With my prospectus completed and approved, I was ready to begin my actual research project at Brigham Young University. I am here on a Research Experiences for Teachers (RET) program funded through the National Science Foundation (Grant # PHY1157078). I’m working with Dr. Eric Hintz to study high-mass x-ray binaries, among other things, in several open star clusters. In my last post I outlined this background research. Not all of it will be relevant to my final analysis, but that’s something you don’t know when you start out.
During my second week I moved to the next step, which was to learn the software and processes I would need to successfully analyze the star data. Wait a second, you say, why am I jumping right to analysis when I haven’t collected any data yet? What we have is a science Catch 22. You can’t know how to best collect data until you know how that data will be analyzed, but you can’t analyze the data until you’ve collected it. The answer is to learn how to analyze data with another data set that someone else has already collected before you try to collect your onw. That way you can check to make sure you know what you’re doing, then apply your process knowledge to planning your research methodology.
Perhaps a personal story will illustrate what I mean. When I was in my undergraduate program at BYU, I was studying psychology with a minor in political science. I wanted to do some independent research even then, and got some other students involved with me. We arranged to work with a professor in the political science department to get some independent poly sci credit. We proposed to study the attitudes of members of the Ute Tribe on the Uintah and Ouray Reservation toward tribal self-government (one of us was a tribal member). We created a questionnaire and selected respondents at random from tribal rolls. One person, for example, was actually in jail in Fort Duchesne at the time and I had to go in and interview him. We compiled all the data, did statistical tests, wrote up the report, and got our credit without too much trouble.
To get rides out to Fort Duchesne, we also worked with the Multicultural Education Department at BYU. They had another project going on at the same time. They created an extensive questionnaire that compared white students with Native American students in the elementary, middle, and high schools in the area. There is an extremely high drop out rate among Native American students in the area once they reach high school, yet both groups are evenly matched through most of elementary school. The questionnaire asked their attitudes toward education, their sense of self-confidence, their support systems, etc. We gave the questionnaire to hundreds of students (with the full cooperation of the school district). I helped to administer the study on one of my trips out there.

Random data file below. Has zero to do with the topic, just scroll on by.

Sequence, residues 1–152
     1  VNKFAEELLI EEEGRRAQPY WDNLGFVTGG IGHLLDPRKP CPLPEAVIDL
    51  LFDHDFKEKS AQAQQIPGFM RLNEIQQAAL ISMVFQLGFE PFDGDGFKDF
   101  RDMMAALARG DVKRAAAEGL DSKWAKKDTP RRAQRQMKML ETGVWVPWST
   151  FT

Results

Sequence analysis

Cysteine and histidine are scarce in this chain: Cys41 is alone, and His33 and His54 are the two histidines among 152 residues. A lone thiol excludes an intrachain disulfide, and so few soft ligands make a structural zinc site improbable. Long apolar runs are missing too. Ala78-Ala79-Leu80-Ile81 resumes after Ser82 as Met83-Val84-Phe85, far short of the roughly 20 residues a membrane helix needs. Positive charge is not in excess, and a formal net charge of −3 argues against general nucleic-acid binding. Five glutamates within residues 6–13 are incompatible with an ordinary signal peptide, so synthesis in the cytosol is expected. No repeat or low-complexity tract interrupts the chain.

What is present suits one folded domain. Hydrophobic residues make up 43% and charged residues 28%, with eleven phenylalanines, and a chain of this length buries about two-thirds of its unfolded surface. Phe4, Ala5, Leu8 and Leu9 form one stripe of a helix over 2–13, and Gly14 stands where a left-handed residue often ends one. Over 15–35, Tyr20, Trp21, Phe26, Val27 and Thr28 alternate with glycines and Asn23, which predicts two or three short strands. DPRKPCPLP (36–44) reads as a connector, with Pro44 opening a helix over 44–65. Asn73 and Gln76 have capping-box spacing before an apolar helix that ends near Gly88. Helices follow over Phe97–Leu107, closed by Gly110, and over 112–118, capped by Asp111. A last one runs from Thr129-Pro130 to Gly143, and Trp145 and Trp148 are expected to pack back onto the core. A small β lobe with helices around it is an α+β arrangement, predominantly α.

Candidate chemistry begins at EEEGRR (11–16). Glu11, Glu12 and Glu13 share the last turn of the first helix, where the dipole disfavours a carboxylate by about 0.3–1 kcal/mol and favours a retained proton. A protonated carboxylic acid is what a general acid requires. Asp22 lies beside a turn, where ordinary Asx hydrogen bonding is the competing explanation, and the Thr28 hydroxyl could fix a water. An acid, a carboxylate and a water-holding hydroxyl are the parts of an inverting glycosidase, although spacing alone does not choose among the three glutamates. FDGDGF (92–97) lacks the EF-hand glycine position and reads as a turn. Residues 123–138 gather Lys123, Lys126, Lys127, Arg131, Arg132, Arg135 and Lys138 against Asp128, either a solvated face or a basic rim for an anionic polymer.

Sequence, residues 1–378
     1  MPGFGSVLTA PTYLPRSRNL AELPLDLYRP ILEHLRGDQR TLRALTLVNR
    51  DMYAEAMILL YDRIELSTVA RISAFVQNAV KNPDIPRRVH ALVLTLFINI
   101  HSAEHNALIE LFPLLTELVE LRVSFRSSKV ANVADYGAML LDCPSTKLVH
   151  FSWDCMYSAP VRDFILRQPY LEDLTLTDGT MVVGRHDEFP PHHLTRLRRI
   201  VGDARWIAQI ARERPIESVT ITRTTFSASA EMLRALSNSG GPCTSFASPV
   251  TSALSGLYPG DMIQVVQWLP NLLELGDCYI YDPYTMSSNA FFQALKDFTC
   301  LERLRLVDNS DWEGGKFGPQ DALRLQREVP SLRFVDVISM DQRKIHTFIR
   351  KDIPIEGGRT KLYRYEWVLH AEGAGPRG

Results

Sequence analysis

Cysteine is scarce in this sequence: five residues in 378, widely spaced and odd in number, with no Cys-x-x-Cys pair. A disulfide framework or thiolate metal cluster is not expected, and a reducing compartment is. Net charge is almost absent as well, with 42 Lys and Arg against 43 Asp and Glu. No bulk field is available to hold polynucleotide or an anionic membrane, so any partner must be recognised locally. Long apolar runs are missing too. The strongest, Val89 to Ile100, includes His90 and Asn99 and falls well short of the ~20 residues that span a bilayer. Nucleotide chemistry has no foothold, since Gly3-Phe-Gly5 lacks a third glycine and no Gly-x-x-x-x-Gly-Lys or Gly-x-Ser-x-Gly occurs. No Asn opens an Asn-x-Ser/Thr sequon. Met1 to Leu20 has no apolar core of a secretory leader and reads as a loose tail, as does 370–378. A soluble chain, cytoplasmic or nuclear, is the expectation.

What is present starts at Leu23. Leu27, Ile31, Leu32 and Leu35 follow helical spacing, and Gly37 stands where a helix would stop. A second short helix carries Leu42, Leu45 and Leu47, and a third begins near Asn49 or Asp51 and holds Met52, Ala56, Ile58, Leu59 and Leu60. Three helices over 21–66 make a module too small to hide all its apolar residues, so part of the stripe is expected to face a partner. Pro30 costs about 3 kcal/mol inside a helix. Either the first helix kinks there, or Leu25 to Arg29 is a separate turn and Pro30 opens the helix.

When we collected all the questionnaires, they formed a stack literally four feet tall. And it was then we realized we had a big problem. The students that had designed the questionnaire had never considered how the data would be recorded and analyzed. It would have taken a small army of flunkies to record the data and put it into a computer program. And this was in the early 1980s, before spreadsheets were readily available. Lotus 1-2-3 hadn’t been invented yet, let alone Excel. So by the end of the semester, no data reduction had been done and the questionnaires sat in a pile in a corner of our professor’s office. To this date, I don’t know if the study was ever completed.
Moral of the story: When dealing with a mountain of data (such as looking at hundreds of stars in an open cluster over several nights with different filters), it’s essential to know what the data will be like and how to manage it all before collecting it in the first place. Every NASA space probe mission has to plan its data pipeline carefully, including how the instruments on board will store and transmit the data back to Earth, how that data will be collected and recorded and archived here, and how it will be reduced and analyzed. Then and only then do you start designing the instruments. You’ve got to know the end from the beginning.
The only type of data you have to work with in astronomy is light. It can be measured directly, filtered, ran through a spectrometer, looked at across the entire EM spectrum, and compared over time. I’m amazed at how much we can learn just from the light coming from a star. Much of what we do is to measure the intensity of the light at its various wavelengths. This is called photometry, literally “measuring light.”
The software for photometry (and many other things) used by most astronomers is called IRAF (Image Reduction and Analysis Facility) developed by the National Optical Astronomy Observatory (NOAO). It is powerful and can do both image reduction and analysis. I’ll talk about the reduction end in this post and the analysis end in the next. It is also essentially open source, so astronomers can program their own add ons and tweaks. But it is a pain to use, because it was first developed back in the days before GUI operating systems and to this day still uses a command line interface. So the learning curve is steep and painful. I must at least partially master it before I can attempt to do my own astronomic research.